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How Does VA Service-Connected Disability Back Pay Work?

Tucker Law Group
November 19, 2020

Whether a veteran wins their service-connected compensation on their initial application or after an appeal, they will receive an award of retroactive back pay.

Unfortunately, the entire VA disability process can take a significant amount of time. This leaves disabled veterans waiting for benefits they are eligible to receive. If you win your VA service-connected disability benefit claim, you will likely be eligible to receive back pay. Unfortunately, understanding retroactive compensation is often very confusing.  It starts with understanding the effective date of your benefits.

How Is Back Pay or Retroactive Pay Determined?

You can determine the veteran’s date of eligibility in one of two ways.

  • Within a Year of Separation. If the veteran submitted a disability claim within one year of the date of separation, then the VA uses the date of separation as the date of eligibility.
  • After a Year of Separation. After the one-year period following separation has passed, the rules are different. The VA uses the first day of the month after they receive the claim as the effective date for  back pay eligibility.

It is important to know how long it could take to get VA compensation back pay. There are no time requirements in the law for how fast VA must act.  An initial application to the VA for disability benefits can take weeks or many months for approval. Historically, an appeal could take 5 to 7 years. However, we are seeing a trend in appeals moving through the VA system faster under the new Appeals Modernization law.

The key is when you apply for benefits.  As such, it is important that veterans submit a disability compensation claim as soon as possible following discharge from the military. When you wait until after a year following your discharge, you will lose any back pay owed between your date of separation and the date of application.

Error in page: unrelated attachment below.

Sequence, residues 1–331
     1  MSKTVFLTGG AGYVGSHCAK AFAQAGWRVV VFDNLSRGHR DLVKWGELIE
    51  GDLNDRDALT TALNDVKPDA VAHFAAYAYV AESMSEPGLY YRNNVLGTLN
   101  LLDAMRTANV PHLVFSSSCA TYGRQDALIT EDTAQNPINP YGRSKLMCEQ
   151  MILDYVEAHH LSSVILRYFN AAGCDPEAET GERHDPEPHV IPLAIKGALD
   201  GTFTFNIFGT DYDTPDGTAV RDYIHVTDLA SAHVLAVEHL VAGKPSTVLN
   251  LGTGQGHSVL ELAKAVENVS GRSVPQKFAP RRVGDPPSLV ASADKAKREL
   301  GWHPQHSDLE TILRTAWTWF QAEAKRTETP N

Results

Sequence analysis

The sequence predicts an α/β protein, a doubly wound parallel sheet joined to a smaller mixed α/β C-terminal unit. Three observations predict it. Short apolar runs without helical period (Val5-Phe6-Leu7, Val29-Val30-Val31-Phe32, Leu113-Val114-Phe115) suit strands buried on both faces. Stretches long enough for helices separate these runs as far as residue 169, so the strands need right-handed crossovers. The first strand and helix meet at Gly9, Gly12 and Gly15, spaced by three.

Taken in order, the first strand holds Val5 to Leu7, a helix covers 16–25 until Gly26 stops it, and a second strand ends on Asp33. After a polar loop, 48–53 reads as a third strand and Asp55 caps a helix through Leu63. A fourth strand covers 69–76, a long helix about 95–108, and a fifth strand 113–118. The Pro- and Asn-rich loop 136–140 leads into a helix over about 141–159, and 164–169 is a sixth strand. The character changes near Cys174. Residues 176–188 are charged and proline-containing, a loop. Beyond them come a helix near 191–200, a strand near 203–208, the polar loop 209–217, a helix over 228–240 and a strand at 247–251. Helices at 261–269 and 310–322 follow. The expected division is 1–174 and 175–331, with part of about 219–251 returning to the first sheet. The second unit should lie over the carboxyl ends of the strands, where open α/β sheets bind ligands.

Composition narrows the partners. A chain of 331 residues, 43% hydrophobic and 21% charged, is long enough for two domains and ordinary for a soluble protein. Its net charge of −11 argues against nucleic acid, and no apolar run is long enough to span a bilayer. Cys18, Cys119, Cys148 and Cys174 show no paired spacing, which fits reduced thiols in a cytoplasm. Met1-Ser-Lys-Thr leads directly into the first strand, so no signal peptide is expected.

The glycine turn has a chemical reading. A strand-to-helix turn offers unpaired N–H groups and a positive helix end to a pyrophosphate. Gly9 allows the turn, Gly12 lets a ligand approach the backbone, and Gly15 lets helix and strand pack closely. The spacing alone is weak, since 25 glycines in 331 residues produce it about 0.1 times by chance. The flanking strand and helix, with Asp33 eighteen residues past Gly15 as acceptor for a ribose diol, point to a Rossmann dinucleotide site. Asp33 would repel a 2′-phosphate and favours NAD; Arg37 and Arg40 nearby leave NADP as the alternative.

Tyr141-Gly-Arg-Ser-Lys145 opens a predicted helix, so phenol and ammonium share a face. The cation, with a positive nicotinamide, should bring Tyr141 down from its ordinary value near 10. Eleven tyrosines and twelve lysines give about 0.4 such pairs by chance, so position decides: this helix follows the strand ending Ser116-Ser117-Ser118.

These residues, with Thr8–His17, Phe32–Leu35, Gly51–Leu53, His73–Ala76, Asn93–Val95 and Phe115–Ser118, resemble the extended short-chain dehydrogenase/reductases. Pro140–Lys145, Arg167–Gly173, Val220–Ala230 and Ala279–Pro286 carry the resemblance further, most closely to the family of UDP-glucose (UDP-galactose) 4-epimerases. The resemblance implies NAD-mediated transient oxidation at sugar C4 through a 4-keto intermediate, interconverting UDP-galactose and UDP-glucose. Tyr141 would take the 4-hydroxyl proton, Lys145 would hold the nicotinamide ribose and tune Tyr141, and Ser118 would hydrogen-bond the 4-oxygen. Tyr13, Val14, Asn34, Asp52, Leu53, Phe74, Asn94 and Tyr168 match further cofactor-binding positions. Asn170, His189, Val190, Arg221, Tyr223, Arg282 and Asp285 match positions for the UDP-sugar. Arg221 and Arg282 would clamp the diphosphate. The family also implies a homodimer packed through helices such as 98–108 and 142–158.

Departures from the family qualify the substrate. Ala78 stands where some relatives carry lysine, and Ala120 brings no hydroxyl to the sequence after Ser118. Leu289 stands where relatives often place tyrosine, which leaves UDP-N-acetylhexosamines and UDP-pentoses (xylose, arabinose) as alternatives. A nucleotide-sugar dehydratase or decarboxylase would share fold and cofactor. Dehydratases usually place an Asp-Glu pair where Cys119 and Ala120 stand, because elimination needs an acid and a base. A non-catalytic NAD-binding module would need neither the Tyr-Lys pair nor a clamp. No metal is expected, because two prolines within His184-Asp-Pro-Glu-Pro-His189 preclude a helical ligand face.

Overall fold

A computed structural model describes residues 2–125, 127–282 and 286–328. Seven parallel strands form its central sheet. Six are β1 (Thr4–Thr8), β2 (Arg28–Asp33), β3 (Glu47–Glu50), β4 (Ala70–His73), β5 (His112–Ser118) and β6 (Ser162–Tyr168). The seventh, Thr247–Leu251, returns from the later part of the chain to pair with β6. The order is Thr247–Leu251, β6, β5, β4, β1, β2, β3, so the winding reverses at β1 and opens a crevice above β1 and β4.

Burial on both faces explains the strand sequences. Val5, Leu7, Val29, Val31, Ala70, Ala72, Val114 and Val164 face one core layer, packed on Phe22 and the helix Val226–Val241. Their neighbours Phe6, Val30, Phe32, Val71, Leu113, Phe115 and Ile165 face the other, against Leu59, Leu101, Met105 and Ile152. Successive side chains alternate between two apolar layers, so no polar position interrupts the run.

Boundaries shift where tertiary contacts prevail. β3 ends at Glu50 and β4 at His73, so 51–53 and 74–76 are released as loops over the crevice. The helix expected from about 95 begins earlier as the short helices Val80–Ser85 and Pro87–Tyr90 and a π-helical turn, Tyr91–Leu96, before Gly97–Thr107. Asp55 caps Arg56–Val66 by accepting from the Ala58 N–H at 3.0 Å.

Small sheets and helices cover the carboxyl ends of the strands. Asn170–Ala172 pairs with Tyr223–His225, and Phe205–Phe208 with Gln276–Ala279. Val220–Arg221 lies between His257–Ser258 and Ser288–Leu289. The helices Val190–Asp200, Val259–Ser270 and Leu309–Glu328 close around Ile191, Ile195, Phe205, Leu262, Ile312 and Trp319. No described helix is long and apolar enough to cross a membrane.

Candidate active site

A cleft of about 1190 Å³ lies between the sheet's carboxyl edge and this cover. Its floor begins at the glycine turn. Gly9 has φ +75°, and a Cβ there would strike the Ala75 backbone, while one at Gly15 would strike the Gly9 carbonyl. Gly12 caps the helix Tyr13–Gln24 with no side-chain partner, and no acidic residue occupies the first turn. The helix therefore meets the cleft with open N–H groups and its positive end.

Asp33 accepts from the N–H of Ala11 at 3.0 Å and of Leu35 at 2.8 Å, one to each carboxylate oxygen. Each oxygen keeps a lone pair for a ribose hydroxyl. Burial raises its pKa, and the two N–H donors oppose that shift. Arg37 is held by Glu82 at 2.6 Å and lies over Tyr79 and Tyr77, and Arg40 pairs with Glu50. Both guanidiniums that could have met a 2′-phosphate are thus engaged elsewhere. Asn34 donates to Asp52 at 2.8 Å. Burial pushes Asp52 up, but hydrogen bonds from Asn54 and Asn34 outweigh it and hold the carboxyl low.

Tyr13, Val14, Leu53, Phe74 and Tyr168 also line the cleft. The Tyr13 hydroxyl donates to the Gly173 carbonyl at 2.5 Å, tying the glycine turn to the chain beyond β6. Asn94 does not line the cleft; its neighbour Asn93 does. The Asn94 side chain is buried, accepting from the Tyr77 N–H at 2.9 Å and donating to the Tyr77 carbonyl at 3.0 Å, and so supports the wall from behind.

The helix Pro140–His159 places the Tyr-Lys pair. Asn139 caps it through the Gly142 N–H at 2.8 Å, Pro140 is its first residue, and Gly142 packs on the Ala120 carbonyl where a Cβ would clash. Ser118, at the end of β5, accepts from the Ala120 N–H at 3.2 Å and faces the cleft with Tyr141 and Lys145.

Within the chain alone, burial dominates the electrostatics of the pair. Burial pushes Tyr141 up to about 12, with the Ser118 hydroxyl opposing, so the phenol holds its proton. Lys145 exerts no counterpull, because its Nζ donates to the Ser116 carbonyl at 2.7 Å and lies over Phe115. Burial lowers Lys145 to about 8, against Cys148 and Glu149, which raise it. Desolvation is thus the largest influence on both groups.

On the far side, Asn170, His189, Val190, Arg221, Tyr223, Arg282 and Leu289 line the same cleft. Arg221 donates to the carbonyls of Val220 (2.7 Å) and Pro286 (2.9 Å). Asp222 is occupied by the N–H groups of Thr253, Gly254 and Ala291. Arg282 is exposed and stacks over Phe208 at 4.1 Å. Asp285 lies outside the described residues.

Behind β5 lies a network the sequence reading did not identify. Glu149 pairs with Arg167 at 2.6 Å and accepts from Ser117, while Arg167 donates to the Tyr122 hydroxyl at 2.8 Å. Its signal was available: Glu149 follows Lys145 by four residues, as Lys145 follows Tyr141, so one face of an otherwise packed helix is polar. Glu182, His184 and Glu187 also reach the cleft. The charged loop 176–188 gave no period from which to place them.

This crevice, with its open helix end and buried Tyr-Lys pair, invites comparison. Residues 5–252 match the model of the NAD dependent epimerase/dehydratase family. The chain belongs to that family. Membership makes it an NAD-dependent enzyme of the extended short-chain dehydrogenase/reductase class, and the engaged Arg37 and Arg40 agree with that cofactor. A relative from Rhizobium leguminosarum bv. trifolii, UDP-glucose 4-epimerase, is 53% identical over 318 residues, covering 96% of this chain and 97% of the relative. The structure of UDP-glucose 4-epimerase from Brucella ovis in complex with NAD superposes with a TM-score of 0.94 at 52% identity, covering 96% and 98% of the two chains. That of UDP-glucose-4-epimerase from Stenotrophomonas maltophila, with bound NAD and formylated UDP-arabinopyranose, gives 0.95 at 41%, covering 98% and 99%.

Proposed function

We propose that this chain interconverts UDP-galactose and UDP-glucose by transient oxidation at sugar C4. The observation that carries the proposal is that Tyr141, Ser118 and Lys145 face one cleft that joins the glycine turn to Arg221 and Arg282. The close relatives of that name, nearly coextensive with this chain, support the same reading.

VA Disability Back Pay Example

As an example, suppose John applies for VA disability benefits nine months after his separation from the military. Since this is within one year, his date of eligibility is his date of separation. Assuming it takes nine more months before John’s disability is approved, he will receive retroactive disability pay for 18 months. If, however, John submits his VA disability application 15 months after discharge, and the VA takes nine months to approve the benefits, John would only receive nine months of retroactive pay.

In other words, John would lose the 15 months he would have received benefits if he had filed within the 12-month period.

VA retroactive pay is typically paid in one lump sum, although it could be paid in payments. Since it can take many months, or years, for approval of VA disability benefits, the retroactive benefits could be significant. We have literally recovered hundreds of thousands of dollars after fighting VA for years for our clients.

VA Retroactive Pay Law Changes

VA disability retroactive pay may also be applicable when Congress changes the laws governing VA service-connected disability compensation. When the ratings change, then the amount the veteran should receive will also change.

While these changes in the law are not common, they do occur. If such a change occurs, the VA will automatically process your retroactive pay.

However, sometimes, this back pay is not easy to obtain. When this situation occurs, you need an experienced VA disability lawyer on your side.

Contact Our VA Disability Lawyers Today

When filing a VA disability claim, it is important to know that the process is long. As such, you may need back pay once you are eligible to collect benefits. To learn more or for help filing an appeal after a claim denial, call an experienced VA disability lawyer at Tucker Law Group today. You can fill out our confidential contact form or call us at (866) 233-5044 for a consultation and to review of your potential case. Our attorneys help veterans with their service-connected disability compensation all across the country.